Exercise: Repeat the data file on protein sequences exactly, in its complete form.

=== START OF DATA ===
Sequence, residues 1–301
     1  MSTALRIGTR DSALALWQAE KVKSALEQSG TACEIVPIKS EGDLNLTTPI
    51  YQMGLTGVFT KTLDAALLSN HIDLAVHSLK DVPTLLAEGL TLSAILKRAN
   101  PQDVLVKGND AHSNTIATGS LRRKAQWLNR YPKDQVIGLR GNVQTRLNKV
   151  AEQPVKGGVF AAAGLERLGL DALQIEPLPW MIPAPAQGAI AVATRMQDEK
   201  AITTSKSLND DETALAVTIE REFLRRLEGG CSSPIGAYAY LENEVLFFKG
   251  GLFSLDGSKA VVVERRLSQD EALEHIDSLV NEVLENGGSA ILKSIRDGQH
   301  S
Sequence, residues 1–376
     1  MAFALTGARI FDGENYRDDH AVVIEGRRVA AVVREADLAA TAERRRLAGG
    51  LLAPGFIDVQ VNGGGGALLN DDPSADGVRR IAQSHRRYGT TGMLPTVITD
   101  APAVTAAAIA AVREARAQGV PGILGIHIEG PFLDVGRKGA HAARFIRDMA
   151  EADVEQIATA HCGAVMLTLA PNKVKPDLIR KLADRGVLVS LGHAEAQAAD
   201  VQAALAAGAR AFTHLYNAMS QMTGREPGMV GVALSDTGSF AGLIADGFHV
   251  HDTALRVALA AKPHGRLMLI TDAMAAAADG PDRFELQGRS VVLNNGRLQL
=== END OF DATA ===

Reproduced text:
Sequence, residues 1–301
     1  MSTALRIGTR DSALALWQAE KVKSALEQSG TACEIVPIKS EGDLNLTTPI
    51  YQMGLTGVFT KTLDAALLSN HIDLAVHSLK DVPTLLAEGL TLSAILKRAN
   101  PQDVLVKGND AHSNTIATGS LRRKAQWLNR YPKDQVIGLR GNVQTRLNKV
   151  AEQPVKGGVF AAAGLERLGL DALQIEPLPW MIPAPAQGAI AVATRMQDEK
   201  AITTSKSLND DETALAVTIE REFLRRLEGG CSSPIGAYAY LENEVLFFKG
   251  GLFSLDGSKA VVVERRLSQD EALEHIDSLV NEVLENGGSA ILKSIRDGQH
   301  S
Sequence, residues 1–376
     1  MAFALTGARI FDGENYRDDH AVVIEGRRVA AVVREADLAA TAERRRLAGG
    51  LLAPGFIDVQ VNGGGGALLN DDPSADGVRR IAQSHRRYGT TGMLPTVITD
   101  APAVTAAAIA AVREARAQGV PGILGIHIEG PFLDVGRKGA HAARFIRDMA
   151  EADVEQIATA HCGAVMLTLA PNKVKPDLIR KLADRGVLVS LGHAEAQAAD
   201  VQAALAAGAR AFTHLYNAMS QMTGREPGMV GVALSDTGSF AGLIADGFHV
   251  HDTALRVALA AKPHGRLMLI TDAMAAAADG PDRFELQGRS VVLNNGRLQL